The Theory of LEGO

Robert Pollack
Atomics is a very intricate theorem and can be worked out with
algebra but you would want to take it by degrees because you
might spend the whole night proving a bit of it with rulers
and cosines and similar other instruments and then at the
wind-up not believe what you had proved at all. If that
happened you would have to go back over it till you got a
place where you could believe your own facts and figures as
delineated from Hall and Knight's Algebra and then go on again
from that particular place till you had the whole thing
properly believed and not have bits of it half-believed or a
doubt in your head hurting you like when you lose the stud of
your shirt in bed.

Flann O'Brien, The Third Policeman

Abstract: LEGO is a computer program for interactive typechecking in the Extended Calculus of Constructions and two of its subsystems. LEGO also supports the extension of these three systems with inductive types. These type systems can be viewed as logics, and as meta languages for expressing logics, and LEGO is intended to be used for interactively constructing proofs in mathematical theories presented in these logics. I have developed LEGO over six years, starting from an implementation of the Calculus of Constructions by Gérard Huet. LEGO has been used for problems at the limits of our abilities to do formal mathematics.

In this thesis I explain some aspects of the meta-theory of LEGO's type systems leading to a machine-checked proof that typechecking is decidable for all three type theories supported by LEGO, and to a verified algorithm for deciding their typing judgements, assuming only that they are normalizing. In order to do this, the theory of Pure Type Systems (PTS) is extended and formalized in LEGO. This extended example of a formally developed body of mathematics is described, both for its main theorems, and as a case study in formal mathematics. In many examples, I compare formal definitions and theorems with their informal counterparts, and with various alternative approaches, to study the meaning and use of mathematical language, and suggest clarifications in the informal usage.

Having outlined a formal development far too large to be surveyed in detail by a human reader, I close with some thoughts on how the human mathematician's state of understanding and belief might be affected by possessing such a thing.

Acknowledgements: Rather than the usual technical acknowledgements, I have written a history of LEGO (section 1.2) and of the project reported in this thesis (section 1.3). In those sections I try to say who and what were the important influences on this work. I thank all of them, as I have loved doing the work.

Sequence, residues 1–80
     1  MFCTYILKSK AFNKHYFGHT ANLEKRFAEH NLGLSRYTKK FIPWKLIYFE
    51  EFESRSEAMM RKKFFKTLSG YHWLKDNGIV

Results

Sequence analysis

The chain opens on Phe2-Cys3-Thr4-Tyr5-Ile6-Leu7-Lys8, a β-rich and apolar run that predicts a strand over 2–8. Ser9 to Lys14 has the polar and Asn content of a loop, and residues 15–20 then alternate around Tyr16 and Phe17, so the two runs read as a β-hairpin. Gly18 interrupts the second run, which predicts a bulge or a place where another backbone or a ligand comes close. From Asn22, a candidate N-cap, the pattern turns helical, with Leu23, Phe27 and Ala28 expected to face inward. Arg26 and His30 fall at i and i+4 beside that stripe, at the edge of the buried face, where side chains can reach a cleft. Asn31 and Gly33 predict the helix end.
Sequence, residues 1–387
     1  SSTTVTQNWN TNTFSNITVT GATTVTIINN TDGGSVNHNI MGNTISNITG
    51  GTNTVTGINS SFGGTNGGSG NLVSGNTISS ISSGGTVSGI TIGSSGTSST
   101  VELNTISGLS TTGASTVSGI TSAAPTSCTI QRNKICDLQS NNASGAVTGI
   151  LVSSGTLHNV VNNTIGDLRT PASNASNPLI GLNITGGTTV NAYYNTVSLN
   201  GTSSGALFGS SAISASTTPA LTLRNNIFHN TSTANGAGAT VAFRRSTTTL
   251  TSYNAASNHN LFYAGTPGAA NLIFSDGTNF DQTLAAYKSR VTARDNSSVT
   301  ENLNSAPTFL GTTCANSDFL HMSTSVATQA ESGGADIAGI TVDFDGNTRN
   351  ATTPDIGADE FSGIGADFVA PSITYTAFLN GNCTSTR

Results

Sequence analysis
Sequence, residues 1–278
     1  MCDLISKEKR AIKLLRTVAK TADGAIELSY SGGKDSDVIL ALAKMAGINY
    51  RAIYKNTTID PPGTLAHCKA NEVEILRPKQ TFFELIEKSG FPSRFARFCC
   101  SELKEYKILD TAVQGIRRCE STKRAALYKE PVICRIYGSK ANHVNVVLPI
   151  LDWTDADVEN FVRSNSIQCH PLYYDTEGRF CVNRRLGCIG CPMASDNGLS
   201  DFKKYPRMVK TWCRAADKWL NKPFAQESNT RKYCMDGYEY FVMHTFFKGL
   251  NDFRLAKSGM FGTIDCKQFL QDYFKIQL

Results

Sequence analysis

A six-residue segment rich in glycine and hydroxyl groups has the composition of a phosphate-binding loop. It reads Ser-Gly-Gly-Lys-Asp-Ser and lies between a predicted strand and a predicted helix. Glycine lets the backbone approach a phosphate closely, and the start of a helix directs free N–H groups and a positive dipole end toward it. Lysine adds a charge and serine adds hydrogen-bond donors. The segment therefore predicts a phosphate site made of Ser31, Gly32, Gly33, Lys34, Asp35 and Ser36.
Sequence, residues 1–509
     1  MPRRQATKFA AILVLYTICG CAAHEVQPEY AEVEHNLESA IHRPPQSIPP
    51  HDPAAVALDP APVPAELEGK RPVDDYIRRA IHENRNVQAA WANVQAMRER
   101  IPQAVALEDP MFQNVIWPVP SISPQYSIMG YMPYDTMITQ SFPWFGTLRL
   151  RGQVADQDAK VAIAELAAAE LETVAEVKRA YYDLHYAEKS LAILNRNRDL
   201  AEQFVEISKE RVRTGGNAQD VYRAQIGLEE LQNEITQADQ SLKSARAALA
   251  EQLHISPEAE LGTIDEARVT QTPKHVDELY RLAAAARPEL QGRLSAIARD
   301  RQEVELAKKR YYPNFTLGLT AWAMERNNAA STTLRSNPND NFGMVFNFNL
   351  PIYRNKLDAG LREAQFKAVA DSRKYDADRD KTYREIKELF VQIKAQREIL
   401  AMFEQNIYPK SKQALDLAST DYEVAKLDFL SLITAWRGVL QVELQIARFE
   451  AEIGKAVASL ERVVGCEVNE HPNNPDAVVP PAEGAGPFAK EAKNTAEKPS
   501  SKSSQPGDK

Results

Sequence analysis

I also want to thank LFCS and the many friends I have here. Rod Burstall, my research supervisor, has endless enthusiasm for computer aided formal reasoning, and has supported and encouraged my work. I especially want to thank George Cleland, who, as administrator of LFCS, has always supported research over red tape. LFCS has always managed to find the resources I asked for.

Talking about resources, this thesis burned more computer cycles than most, and I don't just mean for LaTeX. The computing services available at LFCS are the best I have encountered. Thanks to Paul Anderson, George Cleland, Morna Findlay, and many other CO's.

Finally, I want to thank two people who have influenced my mathematical aesthetic. Gabe Stolzenberg taught me most of what I know about constructive mathematics, and encouraged looking deeply at the meaning of mathematical things. Clint McCrory is a college friend I haven't seen in many years. When I was an undergraduate at M.I.T. and he was a postgraduate at Brandeis, he somehow, through discussion of class problem sets from my second year analysis course, changed me from a mediocre student who enjoyed mathematics, to someone obsessed with the exact shape and presentation of proofs.

This work was supported by the ESPRIT Basic Research Actions on Logical Frameworks (LF) and Types for Proofs and Programs (TYPES), and by grants from the British Science and Engineering Research Council.

This is a 143-page PhD thesis which is available as a 157Kb gzipped DVI file or a 428Kb DVI file or a 212Kb gzipped PostScript file or a 660Kb PostScript file.

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